In a phrase – short burst of intense activity. In other words, high intensity interval training and strength circuits types of workouts, which are the foundation of the workouts we create at BuiltLean. The better shape you get in, the less time it takes to maintain your great shape because you can crank up the intensity.

How Do I Learn More About The Afterburn Effect?

Check out a 45 minute interview with the world’s foremost expert on the Afterburn Effect Dr. Christopher Scott right here: Afterburn Effect Interview.

6Comments

  • Hgriffis says:

    Wrong. Speed or power walking, getting body temperature higher for 24 to. 34 min has long term (entire day) increase in burning cal , combined with 1 b vitamin. For gross body mass folks, that's corrective action. Daily speed or power walking, will do great things for body. This is phase 1, part a in building NEW body, size and shape. For sure, need to refine diet, but less change than most folks expect. I'm 57, but NOW better than most 20 year old gents. Correct exercise, better food intake, useful additives for body, useful additives for brain, and Music. Moving brain into today's Music is not optional. Your BMI pictures are outstanding.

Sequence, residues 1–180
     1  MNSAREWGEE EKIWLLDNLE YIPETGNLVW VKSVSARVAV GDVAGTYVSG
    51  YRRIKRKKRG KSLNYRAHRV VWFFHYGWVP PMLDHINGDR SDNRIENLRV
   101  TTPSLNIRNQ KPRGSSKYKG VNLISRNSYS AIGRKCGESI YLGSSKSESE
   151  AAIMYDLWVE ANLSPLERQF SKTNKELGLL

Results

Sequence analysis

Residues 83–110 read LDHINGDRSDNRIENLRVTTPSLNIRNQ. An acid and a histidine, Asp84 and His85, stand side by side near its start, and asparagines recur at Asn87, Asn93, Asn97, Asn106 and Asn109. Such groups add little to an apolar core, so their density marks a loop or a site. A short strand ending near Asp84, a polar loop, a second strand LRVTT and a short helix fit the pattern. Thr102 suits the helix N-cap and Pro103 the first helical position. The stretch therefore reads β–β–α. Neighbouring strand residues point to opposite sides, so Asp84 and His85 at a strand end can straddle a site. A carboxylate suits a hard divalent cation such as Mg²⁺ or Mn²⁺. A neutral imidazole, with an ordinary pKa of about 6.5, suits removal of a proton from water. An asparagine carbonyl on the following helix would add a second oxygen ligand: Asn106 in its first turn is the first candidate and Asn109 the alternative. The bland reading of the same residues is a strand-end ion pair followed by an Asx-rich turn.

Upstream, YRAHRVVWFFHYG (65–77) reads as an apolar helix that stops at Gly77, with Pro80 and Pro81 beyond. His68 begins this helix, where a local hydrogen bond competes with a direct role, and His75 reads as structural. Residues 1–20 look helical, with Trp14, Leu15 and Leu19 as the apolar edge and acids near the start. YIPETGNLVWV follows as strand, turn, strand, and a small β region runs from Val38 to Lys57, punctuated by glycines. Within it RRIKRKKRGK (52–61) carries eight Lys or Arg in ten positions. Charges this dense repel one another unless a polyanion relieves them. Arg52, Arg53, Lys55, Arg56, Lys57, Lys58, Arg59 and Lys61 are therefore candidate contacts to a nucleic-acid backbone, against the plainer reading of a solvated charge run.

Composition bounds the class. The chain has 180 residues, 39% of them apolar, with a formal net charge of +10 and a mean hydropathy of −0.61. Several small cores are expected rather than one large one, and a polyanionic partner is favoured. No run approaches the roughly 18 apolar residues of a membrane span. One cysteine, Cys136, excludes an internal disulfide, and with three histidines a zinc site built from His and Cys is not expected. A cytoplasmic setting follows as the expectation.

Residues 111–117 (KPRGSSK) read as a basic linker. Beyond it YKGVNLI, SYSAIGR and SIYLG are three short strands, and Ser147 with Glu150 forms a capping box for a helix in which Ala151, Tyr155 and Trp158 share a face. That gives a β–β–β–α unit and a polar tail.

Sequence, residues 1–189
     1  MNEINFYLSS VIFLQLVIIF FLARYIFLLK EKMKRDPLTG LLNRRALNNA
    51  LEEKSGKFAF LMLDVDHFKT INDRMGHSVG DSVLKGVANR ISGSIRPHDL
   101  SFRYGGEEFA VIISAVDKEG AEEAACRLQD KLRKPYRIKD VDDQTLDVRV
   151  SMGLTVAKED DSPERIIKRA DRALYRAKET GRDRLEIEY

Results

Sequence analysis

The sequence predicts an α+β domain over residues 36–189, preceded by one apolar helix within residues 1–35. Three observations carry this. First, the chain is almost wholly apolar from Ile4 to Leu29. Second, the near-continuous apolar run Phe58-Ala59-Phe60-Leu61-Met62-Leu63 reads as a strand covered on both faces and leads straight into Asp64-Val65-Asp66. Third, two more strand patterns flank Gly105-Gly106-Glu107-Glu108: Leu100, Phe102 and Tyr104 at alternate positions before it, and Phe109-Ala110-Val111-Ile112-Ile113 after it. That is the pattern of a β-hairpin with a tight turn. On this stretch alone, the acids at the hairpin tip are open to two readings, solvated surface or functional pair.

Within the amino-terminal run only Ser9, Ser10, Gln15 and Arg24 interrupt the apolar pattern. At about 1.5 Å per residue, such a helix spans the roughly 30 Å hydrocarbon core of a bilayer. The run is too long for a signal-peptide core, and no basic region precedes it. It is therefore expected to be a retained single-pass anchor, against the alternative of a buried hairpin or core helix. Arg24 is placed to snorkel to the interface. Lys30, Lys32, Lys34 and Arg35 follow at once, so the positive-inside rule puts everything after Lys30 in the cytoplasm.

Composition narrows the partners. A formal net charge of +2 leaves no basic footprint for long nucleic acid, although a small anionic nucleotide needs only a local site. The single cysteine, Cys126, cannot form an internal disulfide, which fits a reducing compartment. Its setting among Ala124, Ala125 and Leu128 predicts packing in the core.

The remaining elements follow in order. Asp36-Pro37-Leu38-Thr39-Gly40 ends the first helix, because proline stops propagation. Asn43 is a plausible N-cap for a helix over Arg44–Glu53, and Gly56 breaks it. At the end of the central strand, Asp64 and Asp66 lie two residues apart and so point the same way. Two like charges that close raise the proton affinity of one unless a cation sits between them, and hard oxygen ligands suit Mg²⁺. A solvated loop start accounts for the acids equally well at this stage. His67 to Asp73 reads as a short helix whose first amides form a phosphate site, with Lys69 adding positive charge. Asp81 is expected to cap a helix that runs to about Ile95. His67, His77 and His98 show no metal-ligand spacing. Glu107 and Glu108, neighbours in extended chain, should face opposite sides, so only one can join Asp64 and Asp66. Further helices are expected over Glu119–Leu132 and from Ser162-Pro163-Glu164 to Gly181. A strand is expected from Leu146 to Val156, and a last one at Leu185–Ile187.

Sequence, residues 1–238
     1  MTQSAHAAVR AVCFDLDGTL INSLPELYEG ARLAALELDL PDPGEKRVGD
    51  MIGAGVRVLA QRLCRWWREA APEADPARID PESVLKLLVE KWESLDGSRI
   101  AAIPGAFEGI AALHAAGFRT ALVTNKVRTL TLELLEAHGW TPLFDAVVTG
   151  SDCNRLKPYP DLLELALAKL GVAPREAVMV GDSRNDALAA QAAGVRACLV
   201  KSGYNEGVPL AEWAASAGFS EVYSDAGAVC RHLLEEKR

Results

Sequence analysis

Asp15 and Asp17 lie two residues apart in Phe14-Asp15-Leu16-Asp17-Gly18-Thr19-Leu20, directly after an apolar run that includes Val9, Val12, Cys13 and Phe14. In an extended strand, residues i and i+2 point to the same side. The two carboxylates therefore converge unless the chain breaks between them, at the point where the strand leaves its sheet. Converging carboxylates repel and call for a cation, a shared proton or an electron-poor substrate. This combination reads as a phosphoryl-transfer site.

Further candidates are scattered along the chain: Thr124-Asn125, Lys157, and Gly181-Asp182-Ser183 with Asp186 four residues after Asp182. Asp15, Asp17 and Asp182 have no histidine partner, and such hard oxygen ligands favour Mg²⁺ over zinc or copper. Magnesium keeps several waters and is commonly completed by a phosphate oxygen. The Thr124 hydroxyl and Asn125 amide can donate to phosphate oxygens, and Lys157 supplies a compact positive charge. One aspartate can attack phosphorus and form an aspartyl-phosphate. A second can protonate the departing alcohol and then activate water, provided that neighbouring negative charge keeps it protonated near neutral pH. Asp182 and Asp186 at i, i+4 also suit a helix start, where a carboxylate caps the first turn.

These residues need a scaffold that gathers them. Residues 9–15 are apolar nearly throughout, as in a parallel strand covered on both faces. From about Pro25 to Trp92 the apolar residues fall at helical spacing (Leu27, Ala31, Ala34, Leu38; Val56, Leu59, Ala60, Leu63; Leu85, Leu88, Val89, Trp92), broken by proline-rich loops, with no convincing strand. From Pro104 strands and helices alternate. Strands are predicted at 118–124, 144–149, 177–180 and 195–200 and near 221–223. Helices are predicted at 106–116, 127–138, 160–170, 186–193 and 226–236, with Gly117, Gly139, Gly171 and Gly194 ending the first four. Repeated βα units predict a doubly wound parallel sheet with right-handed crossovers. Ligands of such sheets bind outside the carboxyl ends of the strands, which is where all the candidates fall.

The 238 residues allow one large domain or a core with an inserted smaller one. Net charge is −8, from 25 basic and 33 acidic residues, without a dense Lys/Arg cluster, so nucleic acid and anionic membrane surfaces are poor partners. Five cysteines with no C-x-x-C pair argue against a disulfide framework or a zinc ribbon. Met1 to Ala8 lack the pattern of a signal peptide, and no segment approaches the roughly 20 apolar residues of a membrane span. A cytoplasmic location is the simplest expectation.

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    • Marc Perry, CSCS, CPT says:

      Walking does not create a large afterburn effect, nor does jogging (see afterburn effect interview), but both are excellent activities that promote health for sure.

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  • Jesse says: